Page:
Dog vaccinations – everything you need to know

Vaccinating your dog against harmful and infectious disease should be top of your pet priority list. Here’s everything you need to know about vaccinating your canine companion.

Vaccinating your dog against harmful and infectious disease should be top of your pet priority list. Here’s everything you need to know about vaccinating your canine companion.

Mubina Pirmohamed
Insurance expert
5
minute read
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Posted 25 AUGUST 2021 Last Updated 8 MARCH 2022

Why should I have my dog vaccinated?

There are several very good reasons to have your dog vaccinated: 

  • It could save your dog’s life 
    Some of the diseases vaccination protects against are fatal – and certainly hard to treat. 
  • It’s good for the whole puppy community 
    If every owner vaccinates their animals, dogs will acquire herd immunity. If each dog is better protected, diseases are less likely to spread. That means all our pooches benefit. 
  • Vaccinating your dog is cheaper than treating it 
    Even if you have pet insurance, you might still have to pay an excess if your dog gets sick.

When should I vaccinate my dog? 

Puppies need to be vaccinated when they’re between eight and 10 weeks old, although they can be vaccinated earlier. They’ll then need a second set of vaccinations two to four weeks later.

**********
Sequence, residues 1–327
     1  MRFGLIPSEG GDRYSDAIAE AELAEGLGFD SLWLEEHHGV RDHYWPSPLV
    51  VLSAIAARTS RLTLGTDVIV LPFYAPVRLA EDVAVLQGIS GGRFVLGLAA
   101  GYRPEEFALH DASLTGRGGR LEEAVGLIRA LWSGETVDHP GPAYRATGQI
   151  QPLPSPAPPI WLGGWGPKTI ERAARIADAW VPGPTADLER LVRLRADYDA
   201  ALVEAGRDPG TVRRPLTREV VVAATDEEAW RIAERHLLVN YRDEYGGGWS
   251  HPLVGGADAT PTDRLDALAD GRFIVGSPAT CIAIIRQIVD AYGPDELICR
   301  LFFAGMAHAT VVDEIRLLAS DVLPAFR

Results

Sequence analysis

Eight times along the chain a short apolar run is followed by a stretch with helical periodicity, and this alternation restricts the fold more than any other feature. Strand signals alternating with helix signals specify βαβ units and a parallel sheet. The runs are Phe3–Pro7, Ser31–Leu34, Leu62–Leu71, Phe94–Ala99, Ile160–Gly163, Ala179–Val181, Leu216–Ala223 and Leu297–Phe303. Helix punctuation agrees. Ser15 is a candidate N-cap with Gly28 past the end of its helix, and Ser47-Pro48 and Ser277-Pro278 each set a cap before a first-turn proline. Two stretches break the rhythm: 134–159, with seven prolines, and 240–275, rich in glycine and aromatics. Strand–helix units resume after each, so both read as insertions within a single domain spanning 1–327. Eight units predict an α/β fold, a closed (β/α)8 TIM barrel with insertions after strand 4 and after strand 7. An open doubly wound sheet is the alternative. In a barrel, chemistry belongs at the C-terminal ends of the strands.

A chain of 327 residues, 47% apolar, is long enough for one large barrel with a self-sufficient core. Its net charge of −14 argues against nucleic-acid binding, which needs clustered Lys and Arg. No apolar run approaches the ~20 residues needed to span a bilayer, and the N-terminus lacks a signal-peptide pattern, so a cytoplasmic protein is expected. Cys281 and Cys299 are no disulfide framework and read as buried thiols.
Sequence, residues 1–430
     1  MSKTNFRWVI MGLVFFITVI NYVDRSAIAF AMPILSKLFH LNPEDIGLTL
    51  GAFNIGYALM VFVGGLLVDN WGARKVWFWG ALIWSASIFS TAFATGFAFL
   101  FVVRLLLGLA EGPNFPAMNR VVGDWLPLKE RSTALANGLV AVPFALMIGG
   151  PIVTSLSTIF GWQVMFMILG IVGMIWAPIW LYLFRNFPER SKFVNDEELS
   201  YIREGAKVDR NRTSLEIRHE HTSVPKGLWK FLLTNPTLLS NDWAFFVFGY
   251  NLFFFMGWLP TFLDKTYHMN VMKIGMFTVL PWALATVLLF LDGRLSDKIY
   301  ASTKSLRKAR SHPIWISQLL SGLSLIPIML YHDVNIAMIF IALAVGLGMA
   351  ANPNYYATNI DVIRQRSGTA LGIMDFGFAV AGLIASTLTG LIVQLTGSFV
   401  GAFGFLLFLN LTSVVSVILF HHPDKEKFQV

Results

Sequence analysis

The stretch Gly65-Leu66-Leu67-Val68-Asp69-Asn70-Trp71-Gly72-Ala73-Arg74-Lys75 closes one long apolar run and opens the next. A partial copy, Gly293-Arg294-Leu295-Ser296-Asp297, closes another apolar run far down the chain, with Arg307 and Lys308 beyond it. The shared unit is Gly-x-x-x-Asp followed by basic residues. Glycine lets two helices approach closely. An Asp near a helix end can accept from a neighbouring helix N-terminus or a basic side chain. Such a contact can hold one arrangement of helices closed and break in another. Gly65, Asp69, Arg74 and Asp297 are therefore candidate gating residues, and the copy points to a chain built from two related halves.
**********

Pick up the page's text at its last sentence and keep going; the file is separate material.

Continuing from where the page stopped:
It’s common for breeders and rescue charities to give puppies their first set of vaccinations, so when you pick yours up make sure you ask for its vaccination history.

What vaccinations does my dog need? 

Dogs in the UK are generally vaccinated against four diseases: 

  • Canine parvovirus – passed on through infected dog poo, symptoms include vomiting and diarrhoea containing lots of blood, as well as severe dehydration. Sadly, there’s no real treatment, and puppies that catch it are particularly vulnerable.
  • Canine distemper – usually spreads through contact with an infected dog via bodily fluid, such as saliva from a bite. Symptoms vary but can include fever, vomiting, diarrhoea and coughing. Distemper can be fatal, but even dogs who survive can have long-term neurological and mobility problems, such as seizures or trouble walking.
  • Leptospirosis – severe cases cause liver and kidney failure, and can be fatal to both dogs and humans. Leptospirosis is contracted through infected urine or contaminated (usually stagnant) water. It’s more common in areas with lots of rats.
  • Canine infectious hepatitis – there are two strains of this virus: one causes a cough, the other hepatitis. Symptoms include tiredness, fever, vomiting and diarrhoea. While it can be fatal, most dogs recover.

How often do I need to vaccinate my dog? 

Many dog owners assume that once their pet has been vaccinated that’s enough. But your dog will likely need boosters every 12 months to keep them infection free – or every three years, depending on the vaccine.

  • Kennel cough and leptospirosis require a booster every year.
  • Distemper, parvovirus and canine hepatitis need boosters every three years. 

But not all dogs need boosters. It depends on your dog’s general health and how prevalent certain diseases are where you live. Speak to your vet for details.

Does pet insurance cover the cost of vaccines? 

Unfortunately, pet insurance doesn’t usually cover routine care. This includes:

How much do dog vaccinations cost in the UK?

While prices will vary depending on your dog and your vet, here’s a rough guide to how much you can expect to pay for your dog vaccinations:

Dog vaccination

Cost